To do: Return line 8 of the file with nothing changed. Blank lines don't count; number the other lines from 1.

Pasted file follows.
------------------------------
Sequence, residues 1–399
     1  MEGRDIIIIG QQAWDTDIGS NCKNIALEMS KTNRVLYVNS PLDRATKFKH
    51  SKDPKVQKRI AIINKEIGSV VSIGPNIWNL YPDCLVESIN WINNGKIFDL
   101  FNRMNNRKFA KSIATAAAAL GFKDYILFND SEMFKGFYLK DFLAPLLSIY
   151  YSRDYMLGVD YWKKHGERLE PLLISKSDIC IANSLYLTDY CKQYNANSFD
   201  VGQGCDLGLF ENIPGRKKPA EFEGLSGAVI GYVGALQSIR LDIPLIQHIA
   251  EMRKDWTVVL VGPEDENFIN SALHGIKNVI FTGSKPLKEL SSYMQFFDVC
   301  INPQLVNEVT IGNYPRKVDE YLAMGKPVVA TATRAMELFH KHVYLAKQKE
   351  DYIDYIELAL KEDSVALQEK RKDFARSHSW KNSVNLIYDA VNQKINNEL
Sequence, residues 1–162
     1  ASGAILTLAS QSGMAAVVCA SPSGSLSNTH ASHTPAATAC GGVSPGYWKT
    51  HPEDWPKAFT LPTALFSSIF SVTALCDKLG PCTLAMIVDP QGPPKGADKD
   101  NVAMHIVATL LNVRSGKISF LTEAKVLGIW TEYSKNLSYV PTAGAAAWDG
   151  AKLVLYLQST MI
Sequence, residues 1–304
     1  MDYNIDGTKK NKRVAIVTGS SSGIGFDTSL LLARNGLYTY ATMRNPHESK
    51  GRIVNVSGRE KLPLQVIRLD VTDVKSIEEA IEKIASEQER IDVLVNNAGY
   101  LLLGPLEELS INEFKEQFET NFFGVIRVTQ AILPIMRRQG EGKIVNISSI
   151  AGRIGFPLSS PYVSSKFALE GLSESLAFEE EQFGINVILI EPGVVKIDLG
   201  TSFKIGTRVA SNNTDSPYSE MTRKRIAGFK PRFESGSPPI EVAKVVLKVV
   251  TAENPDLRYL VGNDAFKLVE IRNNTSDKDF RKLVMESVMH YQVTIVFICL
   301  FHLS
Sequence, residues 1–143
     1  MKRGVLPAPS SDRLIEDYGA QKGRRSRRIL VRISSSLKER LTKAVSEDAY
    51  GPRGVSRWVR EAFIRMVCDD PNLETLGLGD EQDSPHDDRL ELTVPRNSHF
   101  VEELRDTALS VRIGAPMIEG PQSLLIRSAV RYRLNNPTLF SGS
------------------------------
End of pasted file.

   301  INPQLVNEVT IGNYPRKVDE YLAMGKPVVA TATRAMELFH KHVYLAKQKE